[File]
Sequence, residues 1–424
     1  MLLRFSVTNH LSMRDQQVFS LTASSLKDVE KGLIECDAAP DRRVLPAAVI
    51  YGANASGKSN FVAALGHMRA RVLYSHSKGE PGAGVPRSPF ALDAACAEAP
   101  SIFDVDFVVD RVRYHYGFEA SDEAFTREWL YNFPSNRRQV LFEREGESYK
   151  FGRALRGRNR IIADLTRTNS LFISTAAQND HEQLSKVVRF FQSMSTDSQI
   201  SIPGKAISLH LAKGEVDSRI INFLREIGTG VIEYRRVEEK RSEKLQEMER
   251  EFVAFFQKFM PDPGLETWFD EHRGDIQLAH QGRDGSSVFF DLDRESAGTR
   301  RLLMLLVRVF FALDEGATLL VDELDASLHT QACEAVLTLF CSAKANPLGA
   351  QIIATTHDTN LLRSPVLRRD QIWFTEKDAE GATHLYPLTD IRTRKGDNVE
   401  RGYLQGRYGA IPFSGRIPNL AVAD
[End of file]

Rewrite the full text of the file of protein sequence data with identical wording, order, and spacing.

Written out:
Sequence, residues 1–424
     1  MLLRFSVTNH LSMRDQQVFS LTASSLKDVE KGLIECDAAP DRRVLPAAVI
    51  YGANASGKSN FVAALGHMRA RVLYSHSKGE PGAGVPRSPF ALDAACAEAP
   101  SIFDVDFVVD RVRYHYGFEA SDEAFTREWL YNFPSNRRQV LFEREGESYK
   151  FGRALRGRNR IIADLTRTNS LFISTAAQND HEQLSKVVRF FQSMSTDSQI
   201  SIPGKAISLH LAKGEVDSRI INFLREIGTG VIEYRRVEEK RSEKLQEMER
   251  EFVAFFQKFM PDPGLETWFD EHRGDIQLAH QGRDGSSVFF DLDRESAGTR
   301  RLLMLLVRVF FALDEGATLL VDELDASLHT QACEAVLTLF CSAKANPLGA
   351  QIIATTHDTN LLRSPVLRRD QIWFTEKDAE GATHLYPLTD IRTRKGDNVE
   401  RGYLQGRYGA IPFSGRIPNL AVAD